Igor: I am going to kill you in a very inventive way! I am going to pee in a paper cone, freeze it, remove the paper and STAB you with my own ice-cold URINE!
- Devilish Hair Horns: Kefir, hinting at his true identity as a villain.
- Digging Yourself Deeper: When Kefir's wife, reveals that "she" is actually a male uncover Mossad agent, named Ibrahim, Stewart thinks the situation is hilarious. This results in Ibrahim getting caught off-guard, and as such he doesn't do too great a job of clarifying the whole arrangement:
Stewart: Kefir, does this means she's a guy?
Danny: I think she said her name's Ibrahim...
Ibrahim: Let's walk through this slowly... My name is Ibrahim and I am a guy, and—
Steward: (laughs) You're married to a bloke, Kefir!
Ibrahim: I'M NOT A BLOKE! Well, I am a bloke, but I'm not married! Well, yes, I am married, but not to Kefir! You see—
Steward: (laughs) You can tell you're treading in deep water, right, sonny?
- Dumbass Teenage Son: Danny is effectively this, even in his late 20's.
- Good Old Fisticuffs: An entire episode is dedicated to Stewart punching every single character in the show (save for his son, Danny). Believe it or not, he's justified in it as well.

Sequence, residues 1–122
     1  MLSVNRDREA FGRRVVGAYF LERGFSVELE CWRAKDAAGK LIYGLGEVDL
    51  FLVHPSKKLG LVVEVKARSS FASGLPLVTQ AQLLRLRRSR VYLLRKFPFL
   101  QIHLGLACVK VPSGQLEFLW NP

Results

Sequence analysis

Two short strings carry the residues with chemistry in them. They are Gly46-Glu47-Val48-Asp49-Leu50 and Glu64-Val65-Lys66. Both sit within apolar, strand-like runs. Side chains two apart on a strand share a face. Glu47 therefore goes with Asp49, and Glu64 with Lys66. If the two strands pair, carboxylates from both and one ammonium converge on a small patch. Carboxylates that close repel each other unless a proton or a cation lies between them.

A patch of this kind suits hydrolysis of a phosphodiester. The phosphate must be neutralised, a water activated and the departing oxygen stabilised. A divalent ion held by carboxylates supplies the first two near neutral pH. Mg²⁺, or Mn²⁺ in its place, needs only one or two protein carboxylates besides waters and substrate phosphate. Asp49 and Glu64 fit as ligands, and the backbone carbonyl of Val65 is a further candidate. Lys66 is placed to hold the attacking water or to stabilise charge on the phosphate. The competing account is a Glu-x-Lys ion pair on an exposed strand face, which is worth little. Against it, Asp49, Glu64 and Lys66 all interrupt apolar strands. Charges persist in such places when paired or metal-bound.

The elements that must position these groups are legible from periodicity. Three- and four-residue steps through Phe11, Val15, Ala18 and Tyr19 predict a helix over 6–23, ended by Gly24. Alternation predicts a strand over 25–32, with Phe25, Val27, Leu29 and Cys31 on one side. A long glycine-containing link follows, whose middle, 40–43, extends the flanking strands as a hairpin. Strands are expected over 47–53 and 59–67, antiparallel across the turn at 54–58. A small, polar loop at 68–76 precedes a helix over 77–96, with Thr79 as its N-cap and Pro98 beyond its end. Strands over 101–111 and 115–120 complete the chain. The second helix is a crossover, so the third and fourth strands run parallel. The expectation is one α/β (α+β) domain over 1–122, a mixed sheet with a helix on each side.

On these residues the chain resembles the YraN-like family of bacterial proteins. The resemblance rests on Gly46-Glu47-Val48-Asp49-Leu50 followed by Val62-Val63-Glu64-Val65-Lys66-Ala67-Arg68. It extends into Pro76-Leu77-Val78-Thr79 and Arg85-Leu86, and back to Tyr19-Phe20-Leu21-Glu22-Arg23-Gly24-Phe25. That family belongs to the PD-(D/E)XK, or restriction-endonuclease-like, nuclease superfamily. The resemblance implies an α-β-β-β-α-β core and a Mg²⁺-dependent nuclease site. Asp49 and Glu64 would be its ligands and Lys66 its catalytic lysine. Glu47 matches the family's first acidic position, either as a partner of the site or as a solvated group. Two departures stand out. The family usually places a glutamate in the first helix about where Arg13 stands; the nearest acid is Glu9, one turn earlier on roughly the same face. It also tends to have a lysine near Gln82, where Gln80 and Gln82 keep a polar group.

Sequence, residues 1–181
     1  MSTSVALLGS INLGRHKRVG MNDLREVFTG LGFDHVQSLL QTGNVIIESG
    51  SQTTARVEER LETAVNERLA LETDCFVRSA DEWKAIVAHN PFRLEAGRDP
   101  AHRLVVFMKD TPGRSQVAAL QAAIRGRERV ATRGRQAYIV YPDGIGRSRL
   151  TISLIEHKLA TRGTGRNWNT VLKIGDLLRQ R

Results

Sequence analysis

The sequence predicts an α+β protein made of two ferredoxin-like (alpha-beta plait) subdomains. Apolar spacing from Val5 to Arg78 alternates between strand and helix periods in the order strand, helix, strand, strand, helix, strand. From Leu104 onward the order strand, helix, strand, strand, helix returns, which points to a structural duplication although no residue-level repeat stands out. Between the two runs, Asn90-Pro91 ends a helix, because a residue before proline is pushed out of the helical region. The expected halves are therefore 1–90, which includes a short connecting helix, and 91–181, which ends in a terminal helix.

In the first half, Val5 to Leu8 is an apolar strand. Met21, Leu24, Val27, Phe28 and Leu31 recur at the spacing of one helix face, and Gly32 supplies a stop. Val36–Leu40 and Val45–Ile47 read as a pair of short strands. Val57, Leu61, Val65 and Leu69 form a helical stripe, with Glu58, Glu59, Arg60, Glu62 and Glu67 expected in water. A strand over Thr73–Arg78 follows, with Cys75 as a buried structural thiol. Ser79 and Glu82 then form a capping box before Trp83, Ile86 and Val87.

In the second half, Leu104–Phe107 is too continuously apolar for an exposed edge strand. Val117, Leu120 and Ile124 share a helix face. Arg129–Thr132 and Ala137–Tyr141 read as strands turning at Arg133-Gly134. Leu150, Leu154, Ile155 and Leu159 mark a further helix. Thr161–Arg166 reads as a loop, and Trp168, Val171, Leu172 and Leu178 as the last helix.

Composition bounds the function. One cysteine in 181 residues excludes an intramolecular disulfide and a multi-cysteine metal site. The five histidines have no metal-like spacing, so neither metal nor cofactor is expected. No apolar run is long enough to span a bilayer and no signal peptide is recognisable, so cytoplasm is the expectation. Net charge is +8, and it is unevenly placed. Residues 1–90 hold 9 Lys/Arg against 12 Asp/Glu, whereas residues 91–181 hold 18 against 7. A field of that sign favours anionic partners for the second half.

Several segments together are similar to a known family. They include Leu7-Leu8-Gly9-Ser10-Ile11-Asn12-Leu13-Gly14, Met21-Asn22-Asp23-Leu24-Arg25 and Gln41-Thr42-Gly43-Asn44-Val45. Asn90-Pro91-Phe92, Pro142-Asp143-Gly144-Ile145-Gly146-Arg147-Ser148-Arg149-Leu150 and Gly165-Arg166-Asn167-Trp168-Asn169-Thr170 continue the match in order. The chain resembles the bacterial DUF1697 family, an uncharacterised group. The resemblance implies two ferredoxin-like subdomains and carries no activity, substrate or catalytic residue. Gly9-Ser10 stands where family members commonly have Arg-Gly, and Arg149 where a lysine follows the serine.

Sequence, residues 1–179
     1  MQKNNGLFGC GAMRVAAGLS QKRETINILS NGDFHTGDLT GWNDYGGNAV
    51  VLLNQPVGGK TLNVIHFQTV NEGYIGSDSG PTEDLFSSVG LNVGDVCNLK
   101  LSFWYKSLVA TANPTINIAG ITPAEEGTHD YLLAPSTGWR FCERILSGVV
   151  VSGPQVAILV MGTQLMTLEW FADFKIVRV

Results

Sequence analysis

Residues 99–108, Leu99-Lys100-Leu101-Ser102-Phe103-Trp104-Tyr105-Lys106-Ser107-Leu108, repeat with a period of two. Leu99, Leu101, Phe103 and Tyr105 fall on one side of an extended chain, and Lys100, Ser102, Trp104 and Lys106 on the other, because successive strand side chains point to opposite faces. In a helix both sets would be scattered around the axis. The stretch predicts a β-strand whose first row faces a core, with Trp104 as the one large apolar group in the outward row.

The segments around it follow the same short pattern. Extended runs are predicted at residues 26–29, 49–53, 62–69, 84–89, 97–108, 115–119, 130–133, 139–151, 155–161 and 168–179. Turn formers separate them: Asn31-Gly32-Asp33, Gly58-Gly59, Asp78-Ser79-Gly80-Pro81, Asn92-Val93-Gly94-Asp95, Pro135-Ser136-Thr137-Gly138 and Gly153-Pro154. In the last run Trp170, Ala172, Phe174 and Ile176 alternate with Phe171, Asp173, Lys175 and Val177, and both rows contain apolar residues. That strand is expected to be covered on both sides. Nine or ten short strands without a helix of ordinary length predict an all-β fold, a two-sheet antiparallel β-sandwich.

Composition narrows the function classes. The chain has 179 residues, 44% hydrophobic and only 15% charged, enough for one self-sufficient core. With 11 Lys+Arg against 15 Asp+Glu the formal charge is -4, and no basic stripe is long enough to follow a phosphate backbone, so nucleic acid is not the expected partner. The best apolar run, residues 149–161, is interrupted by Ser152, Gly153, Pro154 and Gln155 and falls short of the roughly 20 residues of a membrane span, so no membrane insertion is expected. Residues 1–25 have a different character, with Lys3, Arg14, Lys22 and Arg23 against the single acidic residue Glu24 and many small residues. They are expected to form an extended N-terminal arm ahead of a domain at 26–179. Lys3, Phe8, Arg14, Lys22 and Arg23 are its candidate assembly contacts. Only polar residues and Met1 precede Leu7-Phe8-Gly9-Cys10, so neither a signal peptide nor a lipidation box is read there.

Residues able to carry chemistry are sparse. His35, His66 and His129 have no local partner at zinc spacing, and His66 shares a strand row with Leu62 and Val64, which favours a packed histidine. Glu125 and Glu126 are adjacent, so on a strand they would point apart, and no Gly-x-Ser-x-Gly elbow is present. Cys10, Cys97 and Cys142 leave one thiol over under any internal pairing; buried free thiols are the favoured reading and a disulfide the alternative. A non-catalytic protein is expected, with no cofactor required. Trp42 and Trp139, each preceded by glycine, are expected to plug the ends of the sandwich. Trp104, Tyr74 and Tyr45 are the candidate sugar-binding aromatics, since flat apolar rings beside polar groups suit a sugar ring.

- Flowery Insults: Stewart is an absolute master at these.
- Hilariously Abusive Childhood: Back in the day, Stewart's "papa" always had a fatherly advice for every occasion...which he always punctuated by beating the young Stewart senseless with a blunt and/or heavy object.
- This is used as a Running Gag where Stewart gets nostalgic and goes "Like my father used to say ..." followed by a black and white clip of the father beating Stewart senseless. The collected clips with English subtitles can be found here.
- Immune to Drugs: Seems to run in the Stardust family — Stewart is never inconvenienced by his drinking at all and Danny is a massive junkie that subsists on crack.
- Interactive Narrator: The characters are able to hear the Narrator during his "On the Next" voiceover, and interrupt him with questions about the plot and his identity. In the penultimate episode, the Narrator gets fed up with the cast constantly heckling his voiceovers, emerges from within a closet in the scene and leaves for good, leaving the nearly-illiterate Danny with the task of reading the narration at the end of the episode.
- Insistent Terminology: It isn't "moussaka", it's MOO-ZA-KAA!
- Mall Santa: Arne gets Danny a job as a Mall Santa. He ends up punching a kid in the groin.
- Gets even worse, when Stewart fills in.
- Not What It Looks Like: Invoked, then inverted:
Arne: Stewart... This is not what it looks like.
Stewart: I sure as HECKFIRE hope not, because it LOOKS like you're porking the love of my life!
Arne: Well, in that case... It is exactly what it looks like.